A new study by the Army Corps of Engineers assesses the risk along much of the Eastern seaboard from sea-level rise and other impacts of climate change.
The goal of the North Atlantic Coast Comprehensive Study was to determine how best to reduce flood and storm damage risks for people and communities along the region hit by Hurricane Sandy in 2012.
“In the last 100 years … every 20 to 30 years we’ve had a fairly significant storm that has pretty much created havoc along the coastal communities,” said Joseph Vietri, director of the National Planning Center of Expertise for Coastal Storm Risk Management. “That includes not only civilian communities, but also Department of Defense communities.”
A significant amount of national infrastructure, including the U.S. Atlantic Fleet in Norfolk, Va., is at risk from such storms, reported Army public affairs.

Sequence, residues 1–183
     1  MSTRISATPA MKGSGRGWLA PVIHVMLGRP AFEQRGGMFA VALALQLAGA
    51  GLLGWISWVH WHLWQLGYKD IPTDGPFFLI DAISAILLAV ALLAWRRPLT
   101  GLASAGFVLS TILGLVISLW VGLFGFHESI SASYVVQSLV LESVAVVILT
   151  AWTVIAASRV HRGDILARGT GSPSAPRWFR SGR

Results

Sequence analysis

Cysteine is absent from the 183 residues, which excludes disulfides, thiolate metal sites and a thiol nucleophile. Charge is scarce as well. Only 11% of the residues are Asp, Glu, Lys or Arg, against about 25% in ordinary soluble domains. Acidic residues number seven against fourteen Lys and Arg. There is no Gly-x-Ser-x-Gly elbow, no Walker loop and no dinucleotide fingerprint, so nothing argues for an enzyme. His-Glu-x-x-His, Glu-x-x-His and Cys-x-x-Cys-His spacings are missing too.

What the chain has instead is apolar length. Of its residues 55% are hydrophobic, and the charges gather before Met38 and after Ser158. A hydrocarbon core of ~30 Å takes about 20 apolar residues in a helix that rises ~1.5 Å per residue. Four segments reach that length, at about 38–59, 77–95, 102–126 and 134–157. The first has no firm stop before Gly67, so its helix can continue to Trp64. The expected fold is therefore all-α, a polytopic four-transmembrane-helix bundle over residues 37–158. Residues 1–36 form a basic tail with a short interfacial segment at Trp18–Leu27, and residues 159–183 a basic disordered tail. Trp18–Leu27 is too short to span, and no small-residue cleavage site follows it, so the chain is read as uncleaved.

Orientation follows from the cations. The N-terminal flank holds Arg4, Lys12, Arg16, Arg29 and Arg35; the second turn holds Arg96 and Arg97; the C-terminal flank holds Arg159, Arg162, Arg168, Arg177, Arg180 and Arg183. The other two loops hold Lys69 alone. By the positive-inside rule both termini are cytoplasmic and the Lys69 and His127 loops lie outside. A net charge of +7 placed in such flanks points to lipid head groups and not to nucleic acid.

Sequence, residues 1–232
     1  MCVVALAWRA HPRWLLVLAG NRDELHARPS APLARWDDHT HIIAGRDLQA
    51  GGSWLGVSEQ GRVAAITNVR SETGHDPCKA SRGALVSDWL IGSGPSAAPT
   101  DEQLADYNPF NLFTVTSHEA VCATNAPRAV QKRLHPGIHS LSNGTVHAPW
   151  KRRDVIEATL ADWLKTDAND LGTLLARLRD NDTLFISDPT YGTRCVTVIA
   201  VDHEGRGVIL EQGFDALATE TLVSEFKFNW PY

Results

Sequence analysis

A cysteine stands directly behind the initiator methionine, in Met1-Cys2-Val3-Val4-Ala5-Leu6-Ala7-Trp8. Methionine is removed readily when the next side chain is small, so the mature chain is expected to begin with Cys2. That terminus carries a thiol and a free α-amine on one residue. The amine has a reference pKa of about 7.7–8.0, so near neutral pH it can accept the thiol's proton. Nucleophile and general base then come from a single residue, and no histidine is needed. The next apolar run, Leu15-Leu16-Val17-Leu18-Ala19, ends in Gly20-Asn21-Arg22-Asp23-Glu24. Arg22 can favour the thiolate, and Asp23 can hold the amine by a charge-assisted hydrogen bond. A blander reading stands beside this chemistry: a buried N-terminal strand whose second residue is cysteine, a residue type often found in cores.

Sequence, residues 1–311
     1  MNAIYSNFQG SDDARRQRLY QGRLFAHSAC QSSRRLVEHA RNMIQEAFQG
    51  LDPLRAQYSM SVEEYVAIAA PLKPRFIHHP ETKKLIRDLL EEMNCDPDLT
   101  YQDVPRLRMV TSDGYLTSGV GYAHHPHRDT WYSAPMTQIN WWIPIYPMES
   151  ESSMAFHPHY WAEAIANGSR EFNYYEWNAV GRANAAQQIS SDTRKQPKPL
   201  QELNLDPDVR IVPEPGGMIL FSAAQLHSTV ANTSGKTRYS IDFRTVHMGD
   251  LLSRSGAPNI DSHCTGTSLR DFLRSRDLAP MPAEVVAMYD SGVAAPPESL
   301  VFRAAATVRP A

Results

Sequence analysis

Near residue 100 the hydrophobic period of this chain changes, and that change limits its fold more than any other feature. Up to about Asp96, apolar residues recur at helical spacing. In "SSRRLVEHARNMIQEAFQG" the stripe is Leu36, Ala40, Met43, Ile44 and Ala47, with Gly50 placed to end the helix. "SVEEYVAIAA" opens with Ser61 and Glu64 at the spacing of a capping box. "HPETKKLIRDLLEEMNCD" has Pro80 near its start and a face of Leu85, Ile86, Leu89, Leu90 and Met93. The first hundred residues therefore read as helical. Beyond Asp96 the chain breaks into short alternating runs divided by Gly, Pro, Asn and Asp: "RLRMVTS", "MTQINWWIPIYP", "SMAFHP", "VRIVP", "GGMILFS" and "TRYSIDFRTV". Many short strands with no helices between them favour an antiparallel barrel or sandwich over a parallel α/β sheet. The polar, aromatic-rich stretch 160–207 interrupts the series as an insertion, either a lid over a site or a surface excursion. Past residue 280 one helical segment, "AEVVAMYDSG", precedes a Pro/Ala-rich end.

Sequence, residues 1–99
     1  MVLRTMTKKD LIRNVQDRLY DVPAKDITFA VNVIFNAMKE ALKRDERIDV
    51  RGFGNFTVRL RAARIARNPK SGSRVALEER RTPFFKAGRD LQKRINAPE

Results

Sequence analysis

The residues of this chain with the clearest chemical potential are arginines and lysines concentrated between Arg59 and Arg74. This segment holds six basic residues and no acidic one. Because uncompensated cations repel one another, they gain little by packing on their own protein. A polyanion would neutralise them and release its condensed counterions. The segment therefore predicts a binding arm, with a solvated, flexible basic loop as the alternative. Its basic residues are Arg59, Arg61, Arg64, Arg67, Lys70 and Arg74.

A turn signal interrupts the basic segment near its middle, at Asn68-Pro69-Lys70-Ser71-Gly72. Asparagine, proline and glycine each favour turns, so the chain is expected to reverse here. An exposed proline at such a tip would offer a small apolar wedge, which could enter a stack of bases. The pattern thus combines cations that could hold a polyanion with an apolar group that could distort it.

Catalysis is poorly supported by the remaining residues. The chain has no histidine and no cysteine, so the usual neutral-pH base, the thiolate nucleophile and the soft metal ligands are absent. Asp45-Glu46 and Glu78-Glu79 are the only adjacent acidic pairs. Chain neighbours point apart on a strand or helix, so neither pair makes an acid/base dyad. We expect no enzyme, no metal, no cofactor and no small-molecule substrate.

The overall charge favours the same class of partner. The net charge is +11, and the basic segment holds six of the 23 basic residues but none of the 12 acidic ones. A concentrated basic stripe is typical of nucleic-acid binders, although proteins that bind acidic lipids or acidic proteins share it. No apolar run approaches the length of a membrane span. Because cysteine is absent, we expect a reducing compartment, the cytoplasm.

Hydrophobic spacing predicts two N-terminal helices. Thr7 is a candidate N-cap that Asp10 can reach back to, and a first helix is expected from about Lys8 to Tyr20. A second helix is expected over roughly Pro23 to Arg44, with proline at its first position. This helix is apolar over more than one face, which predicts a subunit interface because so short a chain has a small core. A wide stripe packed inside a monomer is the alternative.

One of the report’s major conclusions is that there is a shared responsibility for risk assessment and planning encompassing homeowners, local and state authorities, and the federal government.
“The federal government, the Army Corps of Engineers, or any governmental body by itself is not the sole party responsible for managing or mitigating these increased risks,” Vietri said. “It goes to the DOD on a facility on how you might look at that facility in the future, and what changes you might have to make to that facility … so the mission of that facility is not compromised.”
While the study was not aimed at solutions or making recommendations, it does provide the information smaller jurisdictions can use to manage their own risk, according to the Corps’ Roselle Henn.
“We provided this framework as a methodology that regional partners can use at smaller scale,” Henn said. “They can take it all the way down to the end point which is to evaluate and compare solutions … to plan, implement plans, and then monitor and adapt.”